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What's On The Agenda?

Things you could or should be doing in your garden in…

… May

Plant heat-loving annuals, such as coleus, periwinkle, begonias and lantana, and summer bulbs, like caladiums and elephant ears.

Watch newly planted trees and shrubs for drought stress; their roots have not grown into the native soil yet and need supplemental watering to become established.

Be on the lookout for black spot on roses and begin a 3-in-1 product for season-long protection on hybrid teas or plant low maintenance shrub roses that are more disease resistant.

Prune side shoots on climbing roses back to 6-8” long after flowering to promote more flowering shoots for next year.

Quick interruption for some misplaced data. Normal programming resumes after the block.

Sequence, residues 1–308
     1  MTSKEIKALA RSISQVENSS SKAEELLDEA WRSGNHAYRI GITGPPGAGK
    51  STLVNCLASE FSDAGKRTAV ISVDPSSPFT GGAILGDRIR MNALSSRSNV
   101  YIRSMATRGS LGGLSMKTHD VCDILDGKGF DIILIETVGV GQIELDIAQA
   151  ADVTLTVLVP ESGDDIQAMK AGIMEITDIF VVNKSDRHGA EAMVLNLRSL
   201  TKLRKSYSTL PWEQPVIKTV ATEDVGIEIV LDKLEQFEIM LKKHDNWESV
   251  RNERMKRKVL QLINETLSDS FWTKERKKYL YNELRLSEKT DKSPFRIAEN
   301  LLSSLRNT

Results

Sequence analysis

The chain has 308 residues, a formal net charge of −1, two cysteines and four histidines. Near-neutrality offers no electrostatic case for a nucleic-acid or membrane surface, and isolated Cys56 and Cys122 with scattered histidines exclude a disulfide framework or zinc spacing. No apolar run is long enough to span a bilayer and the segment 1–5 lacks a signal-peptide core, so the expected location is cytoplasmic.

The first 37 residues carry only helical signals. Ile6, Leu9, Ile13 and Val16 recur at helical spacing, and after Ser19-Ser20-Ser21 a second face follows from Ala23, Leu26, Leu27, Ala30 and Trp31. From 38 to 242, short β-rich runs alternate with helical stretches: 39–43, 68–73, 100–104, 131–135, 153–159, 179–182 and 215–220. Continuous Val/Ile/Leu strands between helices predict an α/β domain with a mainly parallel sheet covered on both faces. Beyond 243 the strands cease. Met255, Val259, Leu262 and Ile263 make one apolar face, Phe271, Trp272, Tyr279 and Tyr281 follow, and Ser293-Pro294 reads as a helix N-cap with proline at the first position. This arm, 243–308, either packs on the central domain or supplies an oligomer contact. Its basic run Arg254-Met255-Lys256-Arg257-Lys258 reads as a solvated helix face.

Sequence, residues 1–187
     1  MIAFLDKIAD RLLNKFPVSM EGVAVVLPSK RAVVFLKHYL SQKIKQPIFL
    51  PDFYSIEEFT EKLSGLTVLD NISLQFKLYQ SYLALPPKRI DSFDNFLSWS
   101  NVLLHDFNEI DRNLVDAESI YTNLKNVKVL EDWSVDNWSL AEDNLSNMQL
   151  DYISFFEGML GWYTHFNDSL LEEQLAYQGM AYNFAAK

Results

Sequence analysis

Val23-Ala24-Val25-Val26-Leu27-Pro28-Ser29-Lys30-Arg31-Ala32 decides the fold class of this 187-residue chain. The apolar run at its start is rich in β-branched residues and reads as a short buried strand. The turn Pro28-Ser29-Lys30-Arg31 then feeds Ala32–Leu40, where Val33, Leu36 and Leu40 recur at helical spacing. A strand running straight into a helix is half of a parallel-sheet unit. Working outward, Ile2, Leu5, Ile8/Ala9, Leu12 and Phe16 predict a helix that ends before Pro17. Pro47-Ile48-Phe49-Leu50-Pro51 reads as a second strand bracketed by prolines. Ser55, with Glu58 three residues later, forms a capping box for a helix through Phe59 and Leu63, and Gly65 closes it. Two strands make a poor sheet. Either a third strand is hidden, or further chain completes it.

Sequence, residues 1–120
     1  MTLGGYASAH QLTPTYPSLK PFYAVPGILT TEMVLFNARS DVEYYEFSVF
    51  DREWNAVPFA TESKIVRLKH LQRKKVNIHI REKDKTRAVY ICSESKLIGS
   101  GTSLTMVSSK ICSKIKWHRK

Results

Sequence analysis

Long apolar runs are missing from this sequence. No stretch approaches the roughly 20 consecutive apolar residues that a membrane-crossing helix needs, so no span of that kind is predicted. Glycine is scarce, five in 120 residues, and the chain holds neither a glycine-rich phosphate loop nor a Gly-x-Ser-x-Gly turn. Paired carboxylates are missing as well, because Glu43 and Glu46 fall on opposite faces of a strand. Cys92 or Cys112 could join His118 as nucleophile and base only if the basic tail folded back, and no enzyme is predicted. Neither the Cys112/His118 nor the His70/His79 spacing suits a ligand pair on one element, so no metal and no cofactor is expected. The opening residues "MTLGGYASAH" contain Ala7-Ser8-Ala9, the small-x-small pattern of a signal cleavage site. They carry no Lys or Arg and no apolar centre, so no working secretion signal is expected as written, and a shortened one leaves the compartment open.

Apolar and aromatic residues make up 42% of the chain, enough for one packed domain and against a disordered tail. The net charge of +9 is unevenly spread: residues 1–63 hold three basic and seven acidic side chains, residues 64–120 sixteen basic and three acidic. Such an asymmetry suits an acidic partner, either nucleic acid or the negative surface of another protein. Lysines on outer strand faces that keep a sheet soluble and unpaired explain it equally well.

Combat outbreaks of aphids and thrips on garden plants; spray early with insecticidal soap or neem oil to prevent infestations before they get a foothold and become widespread.

Apply BT (bacillus thuringiensis) to all needle evergreens to control bagworms.

Deadhead annuals regularly to encourage flowering throughout the season.

Deadhead bearded iris after they have finished flowering so that energy is not wasted on seed production.

Stake and mulch all tomatoes in the garden, and prune off suckers. Make sure tomatoes receive even moisture during flowering and early fruit set; maintain even moisture levels to discourage blossom end rot.

Sow beans, peas and okra directly in the garden once temperatures reach 60F.

Protect squash plants with spun-bound row cover to keep the squash vine borer moth from laying eggs on young squash and zucchini vines.

Control broadleaf weeds in lawns with an appropriate post-emergent herbicide.

Apply a second application of turf fertilizer in warm season (Bermuda, zoysia) grasses using 1lb/1000sqft of actual nitrogen.

Water lawns deeply and intermittently to encourage deep rooting; apply at least ½” of water at one time before 10am.



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